If you ever thought math was too hard, maybe you were just missing the right motivation. Like a million dollars' worth of motivation.

Intrigued? Then sharpen your pencils. Texas banker, poker player and math aficionado is prepared to pay you $1 million. All you need to do is solve an equation that has perplexed mathematicians for the past few decades.

It's called the Beal Conjecture. It was inspired by the famous Fermat's Last Theorem, which took mathematicians 350 years to solve. Math fans have only had a few decades to work on Beal's Conjecture, but it's perplexed them just as much.

Beal's Conjecture goes like this, and Beal — who created the equation — says there are no solutions:

ax + by = cz

where A, B, C, x, y and z are positive integers and x, y and z are all greater than 2, then A, B and C must have a common prime factor. The challenge is to either solve that conjecture or come up with a counter-example.

Beal says he was inspired by the cash prizes that finally led to the solution for Fermat's Theorem. He first started low, offering just $5,000. Now, inspired by other prizes that offer much higher rewards, he has upped the ante. "I'd like to inspire young people to pursue math and science," he said in a press release from the American Mathematical Society, which is administering the prize. "Increasing the prize is a good way to draw attention to mathematics generally and the Beal Conjecture specifically.  I hope many more young people will find themselves drawn into the wonderful world of mathematics."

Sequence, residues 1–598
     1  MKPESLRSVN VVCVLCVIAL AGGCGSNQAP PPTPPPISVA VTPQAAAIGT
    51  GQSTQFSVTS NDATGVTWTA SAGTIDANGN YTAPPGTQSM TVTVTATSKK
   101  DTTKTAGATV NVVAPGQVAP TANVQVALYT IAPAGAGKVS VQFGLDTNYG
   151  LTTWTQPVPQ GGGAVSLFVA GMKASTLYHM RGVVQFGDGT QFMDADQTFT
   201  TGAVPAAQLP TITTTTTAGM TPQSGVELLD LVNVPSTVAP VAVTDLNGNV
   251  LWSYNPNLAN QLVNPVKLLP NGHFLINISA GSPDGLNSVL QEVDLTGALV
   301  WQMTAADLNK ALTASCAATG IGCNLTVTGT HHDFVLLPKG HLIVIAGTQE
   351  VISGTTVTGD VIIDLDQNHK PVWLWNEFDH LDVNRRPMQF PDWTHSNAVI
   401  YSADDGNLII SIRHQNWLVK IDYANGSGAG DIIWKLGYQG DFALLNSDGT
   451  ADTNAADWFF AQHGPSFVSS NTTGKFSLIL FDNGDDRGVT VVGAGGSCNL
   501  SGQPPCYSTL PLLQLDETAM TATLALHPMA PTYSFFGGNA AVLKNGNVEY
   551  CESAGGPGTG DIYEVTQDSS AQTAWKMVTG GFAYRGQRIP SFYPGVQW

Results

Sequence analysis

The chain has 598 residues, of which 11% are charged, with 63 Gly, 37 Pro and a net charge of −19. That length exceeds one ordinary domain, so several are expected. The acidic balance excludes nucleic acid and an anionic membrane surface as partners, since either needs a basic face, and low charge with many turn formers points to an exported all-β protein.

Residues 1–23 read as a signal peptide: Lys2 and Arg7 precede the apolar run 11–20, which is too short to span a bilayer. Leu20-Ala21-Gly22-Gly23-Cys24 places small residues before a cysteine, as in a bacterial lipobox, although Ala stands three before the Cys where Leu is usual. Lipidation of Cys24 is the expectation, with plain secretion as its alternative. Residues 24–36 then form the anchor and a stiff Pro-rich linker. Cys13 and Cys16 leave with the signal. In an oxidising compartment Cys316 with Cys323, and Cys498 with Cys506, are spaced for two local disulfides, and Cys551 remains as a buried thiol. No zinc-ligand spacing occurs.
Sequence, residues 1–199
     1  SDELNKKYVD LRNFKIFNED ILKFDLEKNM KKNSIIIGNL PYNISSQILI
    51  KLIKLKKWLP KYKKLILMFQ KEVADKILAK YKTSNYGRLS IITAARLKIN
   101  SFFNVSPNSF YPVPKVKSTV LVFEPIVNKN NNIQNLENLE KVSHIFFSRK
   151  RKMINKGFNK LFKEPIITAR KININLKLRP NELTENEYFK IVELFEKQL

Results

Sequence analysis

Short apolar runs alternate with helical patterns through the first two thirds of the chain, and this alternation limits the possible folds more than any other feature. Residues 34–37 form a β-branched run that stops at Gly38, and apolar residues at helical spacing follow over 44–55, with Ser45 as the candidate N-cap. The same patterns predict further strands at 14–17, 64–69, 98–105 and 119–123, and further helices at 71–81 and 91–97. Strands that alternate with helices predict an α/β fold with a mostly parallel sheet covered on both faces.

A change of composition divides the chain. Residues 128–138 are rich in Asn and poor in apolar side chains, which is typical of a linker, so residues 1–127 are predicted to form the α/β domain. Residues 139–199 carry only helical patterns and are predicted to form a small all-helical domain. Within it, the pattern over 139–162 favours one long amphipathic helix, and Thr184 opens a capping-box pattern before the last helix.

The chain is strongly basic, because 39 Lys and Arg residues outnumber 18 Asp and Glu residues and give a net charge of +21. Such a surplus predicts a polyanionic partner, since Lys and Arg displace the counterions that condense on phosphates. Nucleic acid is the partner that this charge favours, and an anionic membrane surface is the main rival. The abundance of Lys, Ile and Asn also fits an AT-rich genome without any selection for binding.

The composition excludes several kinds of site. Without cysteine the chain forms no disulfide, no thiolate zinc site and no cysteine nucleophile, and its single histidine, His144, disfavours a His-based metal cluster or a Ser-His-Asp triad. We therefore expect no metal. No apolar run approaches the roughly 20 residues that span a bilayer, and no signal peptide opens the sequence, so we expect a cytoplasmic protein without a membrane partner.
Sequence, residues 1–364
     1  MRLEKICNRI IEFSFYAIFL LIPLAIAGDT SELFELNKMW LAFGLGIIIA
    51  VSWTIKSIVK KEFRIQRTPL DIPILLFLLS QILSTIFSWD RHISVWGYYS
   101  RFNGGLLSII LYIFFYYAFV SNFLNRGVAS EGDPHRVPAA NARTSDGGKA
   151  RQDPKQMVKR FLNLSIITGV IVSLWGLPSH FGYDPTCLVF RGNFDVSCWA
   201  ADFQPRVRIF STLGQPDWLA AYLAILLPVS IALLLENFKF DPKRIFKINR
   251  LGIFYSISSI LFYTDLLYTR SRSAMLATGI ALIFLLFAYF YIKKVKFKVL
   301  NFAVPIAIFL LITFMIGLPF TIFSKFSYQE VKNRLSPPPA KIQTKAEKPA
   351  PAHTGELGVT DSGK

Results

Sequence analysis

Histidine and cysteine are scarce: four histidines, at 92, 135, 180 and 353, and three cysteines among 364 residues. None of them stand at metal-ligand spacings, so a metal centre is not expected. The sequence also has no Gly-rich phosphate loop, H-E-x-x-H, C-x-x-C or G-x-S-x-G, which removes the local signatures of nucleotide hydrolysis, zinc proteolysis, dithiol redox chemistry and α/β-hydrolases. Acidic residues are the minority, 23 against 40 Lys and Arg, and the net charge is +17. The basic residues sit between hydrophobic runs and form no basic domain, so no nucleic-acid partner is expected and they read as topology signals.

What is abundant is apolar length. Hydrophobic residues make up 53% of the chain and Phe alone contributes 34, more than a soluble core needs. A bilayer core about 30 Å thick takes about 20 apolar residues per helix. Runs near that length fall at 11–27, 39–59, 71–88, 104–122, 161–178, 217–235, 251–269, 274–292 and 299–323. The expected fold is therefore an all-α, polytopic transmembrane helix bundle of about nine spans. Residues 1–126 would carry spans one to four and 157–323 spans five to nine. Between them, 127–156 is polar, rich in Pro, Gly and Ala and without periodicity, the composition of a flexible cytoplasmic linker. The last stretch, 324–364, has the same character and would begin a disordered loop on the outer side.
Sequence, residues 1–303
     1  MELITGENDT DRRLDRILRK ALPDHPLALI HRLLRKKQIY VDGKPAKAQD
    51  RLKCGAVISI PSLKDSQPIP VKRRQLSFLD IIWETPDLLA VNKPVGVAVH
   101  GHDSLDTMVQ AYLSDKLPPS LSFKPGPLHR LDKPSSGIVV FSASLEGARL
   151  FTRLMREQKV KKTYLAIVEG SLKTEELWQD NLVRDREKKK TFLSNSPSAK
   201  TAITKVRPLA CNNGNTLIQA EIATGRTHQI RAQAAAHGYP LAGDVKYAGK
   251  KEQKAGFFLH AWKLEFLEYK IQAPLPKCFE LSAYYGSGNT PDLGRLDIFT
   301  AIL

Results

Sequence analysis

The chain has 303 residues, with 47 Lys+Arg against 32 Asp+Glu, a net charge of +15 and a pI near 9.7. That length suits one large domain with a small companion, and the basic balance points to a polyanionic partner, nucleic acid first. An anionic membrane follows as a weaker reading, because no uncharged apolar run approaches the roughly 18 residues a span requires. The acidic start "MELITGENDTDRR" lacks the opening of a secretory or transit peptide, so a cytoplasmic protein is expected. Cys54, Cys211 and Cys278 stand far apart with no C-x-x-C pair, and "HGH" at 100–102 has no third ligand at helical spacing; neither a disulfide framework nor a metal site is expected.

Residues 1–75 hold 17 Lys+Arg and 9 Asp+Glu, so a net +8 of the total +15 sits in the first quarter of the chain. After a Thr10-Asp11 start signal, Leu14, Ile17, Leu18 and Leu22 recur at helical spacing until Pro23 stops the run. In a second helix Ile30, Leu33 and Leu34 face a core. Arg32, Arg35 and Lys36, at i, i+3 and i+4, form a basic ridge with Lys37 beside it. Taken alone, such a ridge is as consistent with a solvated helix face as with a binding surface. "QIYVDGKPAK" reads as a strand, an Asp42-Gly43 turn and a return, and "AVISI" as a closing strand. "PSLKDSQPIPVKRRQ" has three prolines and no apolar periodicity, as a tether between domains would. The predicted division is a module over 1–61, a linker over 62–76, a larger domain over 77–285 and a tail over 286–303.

Now, you can't just jot down a solution on a piece of paper and mail it in to win the Beal Prize. The winning solution must first be published in a well-respected, peer-reviewed mathematics journal. Even after that, the mathematics community needs two years to decide if the solution holds water, after which the solution will be evaluated by the Beal Prize Committee. But if you get through all of that, then the million bucks is yours.

So what do you say, is your calculator up to the challenge?

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Math is hard, but solving this equation could earn you $1 million
Dallas banker Andy Beal is offering a million bucks to anyone who finally solves the Beal Conjecture.